(3) You must visually identify in a timely manner the location, color, and significance of aeronautical lights. To minimize the effect of memorizing the color of a light associated with a particular light system, the aviation safety inspector should make every effort to not use the light system name during the flight, but rather to ask you to identify a light color and the significance of as many of the following lights as possible:
(a). Colored lights of other aircraft in the vicinity;
(b). Runway approach lights, including both the approach light system (ALS) and visual glideslope indicators;
(c). Runway edge light system;
(d). Runway end identifier lights;
(e). In-runway lighting (runway centerline [CL] lights, touchdown zone [TDZ] lights, taxiway lead-off lights, and land and hold short lights);
(f). Airport boundary lights;
(g).Taxiway lights (edge lights, CL lights, clearance bar lights, runway guard lights, and stop bar lights;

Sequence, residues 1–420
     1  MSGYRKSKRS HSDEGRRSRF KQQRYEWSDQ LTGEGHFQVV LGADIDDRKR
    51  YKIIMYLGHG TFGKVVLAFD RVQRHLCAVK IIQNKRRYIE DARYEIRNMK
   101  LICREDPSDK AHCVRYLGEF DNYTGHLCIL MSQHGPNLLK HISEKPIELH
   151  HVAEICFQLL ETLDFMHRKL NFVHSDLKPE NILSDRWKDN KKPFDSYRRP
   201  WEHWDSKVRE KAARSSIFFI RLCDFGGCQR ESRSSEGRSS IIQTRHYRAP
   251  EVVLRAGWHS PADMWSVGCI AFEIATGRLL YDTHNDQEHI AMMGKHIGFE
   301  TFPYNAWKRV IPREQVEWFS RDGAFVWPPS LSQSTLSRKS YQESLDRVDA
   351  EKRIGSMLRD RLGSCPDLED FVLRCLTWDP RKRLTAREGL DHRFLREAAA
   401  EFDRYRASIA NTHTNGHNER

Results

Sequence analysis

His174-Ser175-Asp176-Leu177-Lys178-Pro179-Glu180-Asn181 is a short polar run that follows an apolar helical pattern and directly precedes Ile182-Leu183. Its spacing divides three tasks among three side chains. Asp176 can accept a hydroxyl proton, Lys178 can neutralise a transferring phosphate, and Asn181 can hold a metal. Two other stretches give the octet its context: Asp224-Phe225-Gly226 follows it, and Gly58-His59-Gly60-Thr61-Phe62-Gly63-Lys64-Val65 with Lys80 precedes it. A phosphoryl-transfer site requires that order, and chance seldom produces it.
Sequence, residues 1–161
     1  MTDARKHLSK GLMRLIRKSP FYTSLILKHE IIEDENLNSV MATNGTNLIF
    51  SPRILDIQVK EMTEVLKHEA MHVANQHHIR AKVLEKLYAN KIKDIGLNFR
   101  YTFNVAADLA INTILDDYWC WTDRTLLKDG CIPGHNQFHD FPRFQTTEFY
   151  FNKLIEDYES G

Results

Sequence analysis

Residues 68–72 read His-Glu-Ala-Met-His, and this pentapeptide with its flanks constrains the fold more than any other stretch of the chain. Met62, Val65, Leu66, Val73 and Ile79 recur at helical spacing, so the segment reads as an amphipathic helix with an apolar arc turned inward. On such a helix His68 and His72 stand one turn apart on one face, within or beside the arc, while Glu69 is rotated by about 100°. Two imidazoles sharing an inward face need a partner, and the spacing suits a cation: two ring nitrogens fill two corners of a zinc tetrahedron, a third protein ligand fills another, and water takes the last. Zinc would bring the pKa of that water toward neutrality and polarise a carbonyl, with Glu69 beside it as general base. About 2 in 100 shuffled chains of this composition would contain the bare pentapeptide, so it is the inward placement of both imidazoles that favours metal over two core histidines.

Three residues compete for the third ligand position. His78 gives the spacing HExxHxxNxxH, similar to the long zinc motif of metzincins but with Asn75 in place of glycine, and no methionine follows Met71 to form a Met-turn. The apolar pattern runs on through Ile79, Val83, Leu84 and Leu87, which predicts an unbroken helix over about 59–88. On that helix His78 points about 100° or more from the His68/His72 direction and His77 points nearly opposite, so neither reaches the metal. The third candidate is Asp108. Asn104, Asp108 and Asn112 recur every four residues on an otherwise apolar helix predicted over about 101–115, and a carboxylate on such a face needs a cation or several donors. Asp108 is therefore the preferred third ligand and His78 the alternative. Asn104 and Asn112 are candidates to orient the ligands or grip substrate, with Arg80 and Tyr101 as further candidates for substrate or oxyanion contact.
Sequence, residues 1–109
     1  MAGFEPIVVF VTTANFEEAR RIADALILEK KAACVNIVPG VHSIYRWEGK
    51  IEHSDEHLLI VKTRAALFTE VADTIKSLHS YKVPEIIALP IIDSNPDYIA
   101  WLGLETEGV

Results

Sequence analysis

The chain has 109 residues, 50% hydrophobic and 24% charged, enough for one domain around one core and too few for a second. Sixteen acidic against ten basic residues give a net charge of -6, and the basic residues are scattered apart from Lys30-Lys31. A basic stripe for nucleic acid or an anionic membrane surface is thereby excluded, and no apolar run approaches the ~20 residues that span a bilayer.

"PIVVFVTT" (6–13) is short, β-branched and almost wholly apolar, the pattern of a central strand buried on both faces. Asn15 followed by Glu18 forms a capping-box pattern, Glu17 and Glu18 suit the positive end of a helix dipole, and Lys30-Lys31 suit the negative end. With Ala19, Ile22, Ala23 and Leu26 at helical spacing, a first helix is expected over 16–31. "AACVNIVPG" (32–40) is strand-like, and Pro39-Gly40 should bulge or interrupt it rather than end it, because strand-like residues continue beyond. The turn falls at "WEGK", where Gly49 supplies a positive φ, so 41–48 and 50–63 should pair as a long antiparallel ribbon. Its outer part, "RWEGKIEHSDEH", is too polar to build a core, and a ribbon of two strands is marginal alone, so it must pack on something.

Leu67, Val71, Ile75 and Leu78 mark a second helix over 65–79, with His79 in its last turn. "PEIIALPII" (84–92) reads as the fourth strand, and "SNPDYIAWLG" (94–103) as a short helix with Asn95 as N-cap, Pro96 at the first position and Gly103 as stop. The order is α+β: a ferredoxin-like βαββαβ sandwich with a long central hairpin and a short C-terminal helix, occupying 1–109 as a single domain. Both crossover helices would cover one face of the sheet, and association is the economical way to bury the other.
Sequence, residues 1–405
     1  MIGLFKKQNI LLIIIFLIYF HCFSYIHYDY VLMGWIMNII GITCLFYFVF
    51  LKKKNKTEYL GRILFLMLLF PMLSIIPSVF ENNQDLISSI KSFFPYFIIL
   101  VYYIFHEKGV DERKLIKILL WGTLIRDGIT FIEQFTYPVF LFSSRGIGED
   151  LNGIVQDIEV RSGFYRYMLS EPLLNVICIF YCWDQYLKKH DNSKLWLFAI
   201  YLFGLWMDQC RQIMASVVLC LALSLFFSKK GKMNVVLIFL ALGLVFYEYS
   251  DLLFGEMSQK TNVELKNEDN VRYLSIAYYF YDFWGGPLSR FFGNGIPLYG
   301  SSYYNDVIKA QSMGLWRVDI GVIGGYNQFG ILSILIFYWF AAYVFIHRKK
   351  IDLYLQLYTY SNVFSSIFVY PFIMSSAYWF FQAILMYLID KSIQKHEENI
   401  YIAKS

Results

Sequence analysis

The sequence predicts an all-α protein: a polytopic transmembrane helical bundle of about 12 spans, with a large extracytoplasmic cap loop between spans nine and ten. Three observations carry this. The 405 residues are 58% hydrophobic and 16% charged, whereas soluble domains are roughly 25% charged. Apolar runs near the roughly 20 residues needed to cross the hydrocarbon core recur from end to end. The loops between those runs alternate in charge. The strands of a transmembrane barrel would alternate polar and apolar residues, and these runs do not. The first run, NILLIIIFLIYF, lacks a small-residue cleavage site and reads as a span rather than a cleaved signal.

(h).Red warning lights on television towers, high buildings, stacks, etc.;
(i). Airport beacon lights.


If you pass the operational color vision test (OCVT) and the color vision medical flight test, the inspector will issue a letter of evidence that’s valid for all classes and a medical certificate with no limitation or comment regarding color vision.


If you fail the signal light test portion of the OCVT during daylight hours, you will be able to retake the test at night. If you pass the nighttime test, your medical restriction will read, “Not valid for flights requiring color signal control during daylight hours.” If you cannot pass the OCVT during day or night hours, the restriction will read, “Not valid for night flying or by color signal control.”

The incident that started this change was when a FedEx Boeing 727 crashed in 2002. The NTSB investigation determined that the first officer’s color vision deficiency was one of several causal factors. A result of that investigation was a change in the FAA procedures for removing the operational restrictions for color vision deficiency.